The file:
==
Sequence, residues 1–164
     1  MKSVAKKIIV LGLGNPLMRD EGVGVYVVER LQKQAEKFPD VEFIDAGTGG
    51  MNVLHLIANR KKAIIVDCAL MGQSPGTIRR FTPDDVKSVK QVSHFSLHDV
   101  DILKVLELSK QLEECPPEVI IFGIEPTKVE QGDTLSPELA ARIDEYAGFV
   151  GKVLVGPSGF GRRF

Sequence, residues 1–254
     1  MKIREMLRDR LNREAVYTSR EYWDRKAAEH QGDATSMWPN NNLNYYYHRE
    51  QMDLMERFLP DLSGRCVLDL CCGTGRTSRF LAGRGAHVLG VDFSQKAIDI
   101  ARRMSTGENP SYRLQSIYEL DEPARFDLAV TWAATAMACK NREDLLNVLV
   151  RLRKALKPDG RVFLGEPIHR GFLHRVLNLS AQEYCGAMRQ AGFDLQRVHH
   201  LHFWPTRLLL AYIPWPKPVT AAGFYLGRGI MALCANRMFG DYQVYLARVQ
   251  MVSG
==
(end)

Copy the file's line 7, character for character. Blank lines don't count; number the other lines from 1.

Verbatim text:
     1  MKIREMLRDR LNREAVYTSR EYWDRKAAEH QGDATSMWPN NNLNYYYHRE